The Unbroken took some time to get into and it wasn't until I borrowed the audio from my library that I was able to really sink in. The premise is that a young solider, taken from her family and country as a child and raised by an imperial monarchy's army, is tasked with "restoring order" in the land of her birth. She's among many accompanying the young queen-to-be, who is determined to prove herself worthy of the throne by improving relations between the empire and its colonies. There are essentially three factions at war: the colonizers, the "Sands" (soldiers from around the empire stolen as children), and a group of rebels fighting for freedom. It's a layered exploration of the impacts of colonization on both colonizer and colonized, and especially on those trapped between. Where does Touraine fit and how can she fight for what's right but protect both the soldiers she loves and the people from whom she was taken? It's all complicated by her growing relationship with the queen-to-be, which is one I'm not sure I am comfortable with--an issue I think is intentional. What kind of relationship can exist with such an imbalance of power?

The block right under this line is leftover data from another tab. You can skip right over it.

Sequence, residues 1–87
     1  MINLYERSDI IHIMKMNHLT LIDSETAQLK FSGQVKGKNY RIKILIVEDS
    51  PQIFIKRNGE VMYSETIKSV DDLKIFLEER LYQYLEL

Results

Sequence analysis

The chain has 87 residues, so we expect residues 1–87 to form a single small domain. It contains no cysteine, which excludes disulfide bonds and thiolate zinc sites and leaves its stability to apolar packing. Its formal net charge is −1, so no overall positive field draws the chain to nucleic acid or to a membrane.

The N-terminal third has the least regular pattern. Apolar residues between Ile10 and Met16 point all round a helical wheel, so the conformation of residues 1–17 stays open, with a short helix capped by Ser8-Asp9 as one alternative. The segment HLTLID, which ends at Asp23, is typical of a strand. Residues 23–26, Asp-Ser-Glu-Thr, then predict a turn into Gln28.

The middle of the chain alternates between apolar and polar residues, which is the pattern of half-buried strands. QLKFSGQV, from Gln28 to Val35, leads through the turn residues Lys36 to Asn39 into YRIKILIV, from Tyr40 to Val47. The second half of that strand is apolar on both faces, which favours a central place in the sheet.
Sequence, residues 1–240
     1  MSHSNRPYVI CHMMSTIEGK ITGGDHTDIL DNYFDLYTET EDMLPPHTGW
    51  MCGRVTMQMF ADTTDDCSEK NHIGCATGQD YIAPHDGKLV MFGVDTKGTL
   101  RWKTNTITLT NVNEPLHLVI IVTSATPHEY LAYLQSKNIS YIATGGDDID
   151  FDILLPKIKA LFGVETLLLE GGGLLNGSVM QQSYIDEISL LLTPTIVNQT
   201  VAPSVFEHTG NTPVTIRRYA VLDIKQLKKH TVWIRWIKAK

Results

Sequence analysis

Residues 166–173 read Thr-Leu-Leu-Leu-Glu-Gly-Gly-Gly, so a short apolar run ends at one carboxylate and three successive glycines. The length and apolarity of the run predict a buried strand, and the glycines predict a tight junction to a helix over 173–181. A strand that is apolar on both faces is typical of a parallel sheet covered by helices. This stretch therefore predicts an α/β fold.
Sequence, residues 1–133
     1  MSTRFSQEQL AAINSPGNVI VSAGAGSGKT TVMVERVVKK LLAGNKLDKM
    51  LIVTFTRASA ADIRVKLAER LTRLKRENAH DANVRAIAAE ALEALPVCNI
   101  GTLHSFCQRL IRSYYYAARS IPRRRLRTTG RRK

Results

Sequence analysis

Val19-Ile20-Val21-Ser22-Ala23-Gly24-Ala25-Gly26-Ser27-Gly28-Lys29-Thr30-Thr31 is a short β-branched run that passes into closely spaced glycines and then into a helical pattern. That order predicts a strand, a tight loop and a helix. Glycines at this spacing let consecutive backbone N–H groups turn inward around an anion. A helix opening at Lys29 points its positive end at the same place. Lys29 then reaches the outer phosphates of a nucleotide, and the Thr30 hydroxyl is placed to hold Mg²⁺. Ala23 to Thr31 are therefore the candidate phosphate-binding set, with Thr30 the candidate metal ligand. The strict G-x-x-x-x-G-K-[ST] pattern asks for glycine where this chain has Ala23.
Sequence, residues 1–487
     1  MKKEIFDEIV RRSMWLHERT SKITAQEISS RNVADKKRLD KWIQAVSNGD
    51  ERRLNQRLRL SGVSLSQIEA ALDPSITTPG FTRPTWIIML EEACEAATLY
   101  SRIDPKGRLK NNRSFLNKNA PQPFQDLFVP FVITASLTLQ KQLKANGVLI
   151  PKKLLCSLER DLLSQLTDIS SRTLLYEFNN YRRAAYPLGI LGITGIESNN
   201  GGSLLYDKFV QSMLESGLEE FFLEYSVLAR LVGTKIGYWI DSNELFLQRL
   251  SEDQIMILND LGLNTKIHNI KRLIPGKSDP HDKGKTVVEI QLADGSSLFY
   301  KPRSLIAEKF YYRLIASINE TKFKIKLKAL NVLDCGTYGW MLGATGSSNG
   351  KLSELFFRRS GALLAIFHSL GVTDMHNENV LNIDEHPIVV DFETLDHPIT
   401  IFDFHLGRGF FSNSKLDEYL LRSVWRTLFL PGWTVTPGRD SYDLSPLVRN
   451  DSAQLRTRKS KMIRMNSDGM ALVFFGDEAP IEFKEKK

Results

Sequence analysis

The Unbroken roughly maps to imperial France and northern Africa, but like 100x queerer than the stories we're told. I was wondering for the last 50% or so how things would be resolved and well, they weren't. Empire isn't dismantled in a day, after all. And Touraine and Luca make so many mistakes, hurting each other over and over... oof. I'm interested to see where Clark takes us next.


Content Warnings: murder, sexual assault, war violence, colonization, child theft, public hanging, references to worker abuse, starvation and thirst

I received an ebook from the publisher for review, but read an audio copy through my library.


cover of YA fantasy Sing Me Forgotten, dark blue with a glass vial containing golden liquidSing Me Forgotten, by Jessica S. Olson
My Verdict: YMMV